);

Now, suppose we want the window to be just big enough to hold the label, rather than being a fixed size. This is a bit more complicated, because we need to take note of the difference between the total window size, and the client area, which is the area of the window excluding the title bar, the system, minimize, maximize, and close icons, and the window border. In other words, it is the area in which we can actually display information.

We can get the window size using the Height() and Width() methods, and we can get the client area size using the ScaleHeight() and ScaleWidth() methods.

We can get the label size similarly, using Height() and Width() (labels do not have borders, so the label area and its client area are the same).

To get the dimensions of the non-client area of the main window, we just need

    $ncw = $main->Width() - $main->ScaleWidth();
    $nch = $main->Height() - $main->ScaleHeight();

Now, we get the required size as

    $w = $label->Width() + $ncw;
    $h = $label->Height() + $nch;

As we are getting properties of the label, we should save the return value of the AddLabel() call - which is a reference to the label - in a variable $label.

And we set the main window's size using Resize()

    $main->Resize($w, $h);

We have to resize after we have created the window, because we need to create the window first in order to calculate the non-client dimensions. But we do it before we show the window, to avoid any flicker.

OK, let's put all this together. We'll add the ability to specify the label text on the command line, just to be fancy (it also shows that the values of options can be set using variables, not just constant values).

    use Win32::GUI;

    $text = defined($ARGV[0]) ? $ARGV[0] : "Hello, world";

    $main = Win32::GUI::Window->new(-name => 'Main', -text => 'Perl');
    $label = $main->AddLabel(-text => $text);

    $ncw = $main->Width()  - $main->ScaleWidth();
    $nch = $main->Height() - $main->ScaleHeight();
    $w = $label->Width()  + $ncw;
    $h = $label->Height() + $nch;

    $main->Resize($w, $h);
    $main->Show();
    Win32::GUI::Dialog();

    sub Main_Terminate {
        -1;
    }

Run this version and see the results. Note that if you supply a short string, the window will not shrink beyond a minimum size sufficient to show the window icons.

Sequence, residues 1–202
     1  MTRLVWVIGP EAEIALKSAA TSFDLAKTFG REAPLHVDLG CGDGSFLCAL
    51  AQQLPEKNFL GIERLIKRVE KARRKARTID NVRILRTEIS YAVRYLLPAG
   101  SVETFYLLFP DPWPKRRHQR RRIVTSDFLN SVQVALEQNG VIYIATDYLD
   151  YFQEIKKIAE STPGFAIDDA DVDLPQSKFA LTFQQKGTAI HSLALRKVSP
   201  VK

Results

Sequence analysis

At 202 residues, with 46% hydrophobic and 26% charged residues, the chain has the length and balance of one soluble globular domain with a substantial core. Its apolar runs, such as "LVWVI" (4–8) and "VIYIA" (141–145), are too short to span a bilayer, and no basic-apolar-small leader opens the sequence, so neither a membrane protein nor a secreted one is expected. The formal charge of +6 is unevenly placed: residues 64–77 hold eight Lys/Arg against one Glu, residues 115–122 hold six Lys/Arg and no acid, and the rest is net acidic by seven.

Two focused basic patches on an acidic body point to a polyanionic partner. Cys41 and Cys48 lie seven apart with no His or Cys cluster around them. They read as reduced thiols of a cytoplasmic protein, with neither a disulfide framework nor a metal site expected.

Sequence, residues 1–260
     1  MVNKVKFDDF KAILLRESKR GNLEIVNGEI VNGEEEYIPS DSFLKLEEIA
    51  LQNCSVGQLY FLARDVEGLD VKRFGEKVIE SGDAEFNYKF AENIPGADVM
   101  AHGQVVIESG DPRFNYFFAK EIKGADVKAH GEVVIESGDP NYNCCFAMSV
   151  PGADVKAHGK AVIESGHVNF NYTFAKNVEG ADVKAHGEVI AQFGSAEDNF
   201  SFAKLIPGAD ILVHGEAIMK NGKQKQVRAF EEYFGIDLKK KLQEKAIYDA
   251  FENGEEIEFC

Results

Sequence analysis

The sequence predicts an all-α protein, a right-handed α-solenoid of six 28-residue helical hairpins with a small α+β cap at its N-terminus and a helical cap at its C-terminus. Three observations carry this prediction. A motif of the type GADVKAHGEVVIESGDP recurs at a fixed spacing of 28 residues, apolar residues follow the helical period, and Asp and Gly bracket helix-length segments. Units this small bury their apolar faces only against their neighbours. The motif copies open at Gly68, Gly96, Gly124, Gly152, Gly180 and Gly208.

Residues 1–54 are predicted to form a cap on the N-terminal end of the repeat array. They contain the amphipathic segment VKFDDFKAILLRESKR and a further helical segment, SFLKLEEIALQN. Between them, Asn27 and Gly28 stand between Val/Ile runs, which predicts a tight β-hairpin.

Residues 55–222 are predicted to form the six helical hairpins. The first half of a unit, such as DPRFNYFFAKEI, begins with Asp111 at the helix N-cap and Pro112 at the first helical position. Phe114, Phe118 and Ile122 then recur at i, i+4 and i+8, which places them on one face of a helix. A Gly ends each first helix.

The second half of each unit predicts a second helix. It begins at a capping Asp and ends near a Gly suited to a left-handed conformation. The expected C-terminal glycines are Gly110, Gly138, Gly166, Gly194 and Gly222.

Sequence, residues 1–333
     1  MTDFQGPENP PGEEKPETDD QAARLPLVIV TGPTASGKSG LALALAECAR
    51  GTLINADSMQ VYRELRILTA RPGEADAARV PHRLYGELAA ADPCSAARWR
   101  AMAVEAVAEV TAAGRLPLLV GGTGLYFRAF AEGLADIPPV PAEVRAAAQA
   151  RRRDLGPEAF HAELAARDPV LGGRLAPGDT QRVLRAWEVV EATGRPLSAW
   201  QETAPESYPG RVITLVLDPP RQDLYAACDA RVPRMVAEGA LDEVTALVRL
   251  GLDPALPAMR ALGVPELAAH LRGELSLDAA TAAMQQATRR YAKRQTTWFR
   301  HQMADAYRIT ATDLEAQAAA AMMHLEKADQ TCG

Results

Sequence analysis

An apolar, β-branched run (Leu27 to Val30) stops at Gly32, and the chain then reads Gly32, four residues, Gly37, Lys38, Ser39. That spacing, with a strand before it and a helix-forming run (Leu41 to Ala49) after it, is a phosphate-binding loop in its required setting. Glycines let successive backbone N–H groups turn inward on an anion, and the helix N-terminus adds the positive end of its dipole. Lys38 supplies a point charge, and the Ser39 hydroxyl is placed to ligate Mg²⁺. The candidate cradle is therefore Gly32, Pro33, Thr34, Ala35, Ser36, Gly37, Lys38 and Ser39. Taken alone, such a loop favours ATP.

Changing the appearance of the text

Now, suppose we want to change the colour in which the text is displayed. This is easy. You just specify the colour as the value of the -foreground attribute of the label. Colours can be specified either as hex values in the format 0xBBGGRR, or as list references in the format [ R, G, B ].

So, to make the text red, use -foreground => 0x0000FF or -foreground => [ 255, 0, 0 ].

To change the font, you need to specify the -font attribute. But in this case, the value of the attribute is a Win32::GUI::Font object. To create a font object, use

    $font = Win32::GUI::Font->new(...);

As usual, the parameters to new() are a set of options. The most important ones are

So, to change the format of our label, all we need is

    $font = Win32::GUI::Font->new(
                -name => "Comic Sans MS", 
                -size => 24,
        );
    $label = $main->AddLabel(
                -text       => $text,
                -font       => $font,
                -foreground => [255, 0, 0],
        );

Simple, isn't it?

Centring the window and the text

To centre the main window on the screen, we need to know the screen size. We get this using the desktop window. You can get the handle of the desktop window using Win32::GUI::GetDesktopWindow(). One point to note is that window handles are not Win32::GUI::Window objects, so they cannot be used to call Win32::GUI methods like Height(). However, these methods are overloaded so that they can be called directly (as Win32::GUI::Height()) with a window handle as an extra first parameter. See the code below for an example.

The rest of the work is just arithmetic. To reposition the main window, use the Move() method.

    # Assume we have the main window size in ($w, $h) as before
    $desk = Win32::GUI::GetDesktopWindow();
    $dw = Win32::GUI::Width($desk);
    $dh = Win32::GUI::Height($desk);
    $x = ($dw - $w) / 2;
    $y = ($dh - $h) / 2;